Bad Moms
A still from the movie Bad Moms. (Provided)

For me, laughter is the best medicine, and Bad Moms is basically a two-hour antidepressant. This is the kind of movie that brings similar people — moms — together to laugh at exaggerated versions of themselves (possibly fueled by some purse liquor).

The film is crude, it often hits too close to home, and it surprisingly makes you stop and think about whether being “perfect” is really worth the effort. This has led the moms I know to have some very real conversations.

I asked three questions of several moms who I admire — moms who are also teachers, medical professionals, accountants and marketers, who somehow balance a career, husband, kid(s) and myriad of activities.

After reading their replies, it’s clear I am not the only one who cries in the car after daycare drop off because I feel anxiety about my parenting.

How or when do you most feel judged for your parenting?

Sarah Bryant: It’s the pressure I put on myself that makes me feel like a “bad mom.” When I see other moms boasting on Facebook about their children’s accomplishments, it makes me feel like I’m not doing a good job at my mom job. The moms who have time to pack themed lunches or who scour Pinterest for the perfect party crafts — more power to you.

In my world, simply getting my kids to school on time is marked in the win column. As a career woman, there have been times when I can’t always be there for my kids, and it makes me feel like I am letting them down. I wasn’t blessed with the nurture gene, but I have to believe that showing them how to succeed in life counts for something.

Beth Morton: I feel most judged regarding working full-time and how I choose to do childcare. It seems that everyone’s got an opinion, whether it’s, “I don’t know how you could possibly leave your baby” (from stay-at-home moms/people who don’t have kids) or, “Kids need to learn structure and how to socialize with other kids — they should be in daycare” (from working moms). You just can’t win.

Elizabeth Chandler: If my kids are throwing a hissy fit and I can’t control them, or we are at the store and they are acting crazy. I usually feel judged by older parents like grandparents.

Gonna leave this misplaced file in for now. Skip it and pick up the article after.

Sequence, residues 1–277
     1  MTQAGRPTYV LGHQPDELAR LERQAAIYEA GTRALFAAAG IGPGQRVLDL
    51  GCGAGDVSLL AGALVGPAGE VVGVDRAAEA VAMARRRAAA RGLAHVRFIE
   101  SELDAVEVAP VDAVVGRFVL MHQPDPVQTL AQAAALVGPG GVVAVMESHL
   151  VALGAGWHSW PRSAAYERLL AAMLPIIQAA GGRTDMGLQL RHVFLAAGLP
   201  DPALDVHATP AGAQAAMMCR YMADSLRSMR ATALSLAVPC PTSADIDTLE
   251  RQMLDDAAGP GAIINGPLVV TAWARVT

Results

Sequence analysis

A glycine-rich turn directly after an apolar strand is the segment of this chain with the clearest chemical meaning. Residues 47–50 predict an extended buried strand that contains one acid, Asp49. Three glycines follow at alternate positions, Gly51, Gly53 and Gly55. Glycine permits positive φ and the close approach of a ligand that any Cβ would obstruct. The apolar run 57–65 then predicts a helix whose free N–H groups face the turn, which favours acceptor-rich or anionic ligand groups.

Breanna Oliver: I feel the most judged for my parenting just by being a working mom. It’s either assumed that 1) I made a bad choice in men because my husband doesn’t make enough for me to stay home, or 2) I’m a horrible mother for choosing to have a career rather than staying home 24/7 to care for my kids and husband.

Maybe if my life circumstances were different I would make the choice to stay home. But maybe I also enjoy my career and doing something other than “momming.” Maybe I’m actually a better mom when I’m with my kids because of my job. Because when I’m home I enjoy my kids so much because I missed them something fierce during the day.

Bobbie Earles: I don’t normally feel super judged, but as a working mom I do feel that not as much value is placed on working hard at work, at home, with our kids, on our marriage, etc. I don’t think some men get all that working moms have to do and/or see our necessary value in the workplace.

What is the hardest thing about being a mom?

Sarah: The hardest thing about being a mom is the battle against time. This time that we have on earth is our most precious resource. As moms, we set the pace and decide each day how we are going to spend the little time we have together. So for me, it’s so painful doing the math to discover my kids’ teachers get to spend more time with them than I do.